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The Dartmouth
April 14, 2024 | Latest Issue
The Dartmouth

Banta: Anti-Trans Rhetoric in the New Hampshire Legislature

Discriminatory misinformation concerning gender-affirming healthcare is written into legislation currently moving through the New Hampshire state Senate.

Currently, 15 bills have been introduced in the New Hampshire legislature to limit the rights of transgender people. House Bill 619, which outlines which genital reconstructive surgeries are allowed to be performed on minors and which are not, passed through the New Hampshire House of Representatives in January and is scheduled to reach the state Senate in March. This bill, sponsored by eight Republican senators, contains several inaccurate words when referring to transgender healthcare. The phrase “gender reassignment surgery” itself is considered outdated by the medical community, which uses the term “gender-affirming care” to describe the variety of mental and physical healthcare options available to transgender people. The bill also contains the word “genitalia” 21 times and the word “transgender” a grand total of zero times. This is not the first time that Republican policymakers have displayed a shameless obsession over the genitals of children to misrepresent the nuances of transgender experiences. 

This anti-trans legislation endorses overt misconceptions about healthcare that distract policymakers from moving toward health equity. Dartmouth students have a civic responsibility to understand that these anti-trans policies being considered by the state are rooted in ignorance. 

HB619 is a small portion of an original bill, titled the Protection Against Child Medical and Psychological Experimentation Act that was introduced in January of 2023 and was amended by the State House. The bill includes a section on “reassignment” surgery that admits that “surgeries are [already] generally not recommended for children.” Nonetheless, the original bill also seems to ban private insurance and the state’s Medicaid program from covering almost any gender-affirming healthcare, as well as banning clinicians from providing such services or referring patients to other clinicians. Healthcare for transgender youth generally includes access to inclusive doctors and OB/GYN, reproductive care that considers gender and sexual diversity, mental healthcare and hormone therapy. Instead of recognizing this, HB619 prioritizes a conservative political agenda above clinical practice and research. If the legislature passes this bill, policymakers will mislead the New Hampshire public on trans-inclusive health practices instead of pushing solutions for better care.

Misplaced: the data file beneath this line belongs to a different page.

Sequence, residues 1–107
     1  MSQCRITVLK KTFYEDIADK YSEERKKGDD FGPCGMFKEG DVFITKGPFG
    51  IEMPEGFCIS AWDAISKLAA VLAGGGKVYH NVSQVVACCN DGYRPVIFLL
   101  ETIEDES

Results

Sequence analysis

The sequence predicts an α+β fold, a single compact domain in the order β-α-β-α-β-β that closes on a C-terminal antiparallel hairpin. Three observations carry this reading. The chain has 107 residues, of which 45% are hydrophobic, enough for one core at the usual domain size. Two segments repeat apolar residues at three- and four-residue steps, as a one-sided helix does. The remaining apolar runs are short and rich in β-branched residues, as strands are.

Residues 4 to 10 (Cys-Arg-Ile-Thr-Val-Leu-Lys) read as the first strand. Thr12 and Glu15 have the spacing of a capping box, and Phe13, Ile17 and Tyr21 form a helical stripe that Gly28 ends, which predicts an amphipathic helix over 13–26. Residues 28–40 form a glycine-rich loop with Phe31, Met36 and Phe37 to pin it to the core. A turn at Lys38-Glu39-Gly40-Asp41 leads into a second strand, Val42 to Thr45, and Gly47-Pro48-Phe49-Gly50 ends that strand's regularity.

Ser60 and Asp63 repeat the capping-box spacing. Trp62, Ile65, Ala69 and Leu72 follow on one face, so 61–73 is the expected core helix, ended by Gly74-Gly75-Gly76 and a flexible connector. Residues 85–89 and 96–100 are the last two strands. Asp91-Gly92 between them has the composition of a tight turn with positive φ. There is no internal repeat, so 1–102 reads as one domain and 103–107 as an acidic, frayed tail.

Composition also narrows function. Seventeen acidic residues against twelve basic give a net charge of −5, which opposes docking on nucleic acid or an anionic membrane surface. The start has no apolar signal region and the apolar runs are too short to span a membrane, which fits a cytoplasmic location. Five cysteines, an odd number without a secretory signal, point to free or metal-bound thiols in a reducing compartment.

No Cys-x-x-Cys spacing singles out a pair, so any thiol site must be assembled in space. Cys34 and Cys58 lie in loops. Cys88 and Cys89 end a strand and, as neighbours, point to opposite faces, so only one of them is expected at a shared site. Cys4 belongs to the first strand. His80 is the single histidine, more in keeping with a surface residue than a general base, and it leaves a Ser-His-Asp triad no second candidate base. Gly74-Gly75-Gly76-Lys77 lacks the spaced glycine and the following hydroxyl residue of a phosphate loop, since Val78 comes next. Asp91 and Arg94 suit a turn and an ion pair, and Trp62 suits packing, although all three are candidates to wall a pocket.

Right now, New Hampshire is perpetuating a wider legislative environment that attempts to prohibit genderqueer people from living freely and comfortably. Much of the original bill restricted education practices in New Hampshire schools, policing what name children go by in class and forbidding teachers to discuss nonbinary gender. According to Sarah Chant, a lecturer in the women, gender and sexuality studies program whose research investigates the language and context of anti-trans bills in the American South, “everything that was in the original unamended bill is the plan.” Many of these other goals are now outlined in additional bills still in committee hearings. The future of these bills, which include policy regulating admissions of higher education institutions and hiring practices, will be impacted if HB619 sets a precedent in favor of anti-trans law during this legislative cycle. If HB619’s proponents pass this bill without facing strong protest, they may be inspired to continue writing discrimination into law.

Policymakers are not clinicians. HB619 seeks to regulate best practices for transgender care but does not take into account the actual processes and norms of gender-affirming healthcare for adolescents and adults. Currently, gender dysphoria is named as a mental illness in the Diagnostic Statistical Manual of Mental Health to describe those experiencing a difference between their experienced gender and their gender assigned at birth. Despite the stigma that results from defining a person’s identity as a disorder, a formal DSM diagnosis of gender dysphoria is required before genital reconstructive surgery is covered by most insurance. This bill is built upon a misconception of the requirements already in place to receive gender-affirming healthcare.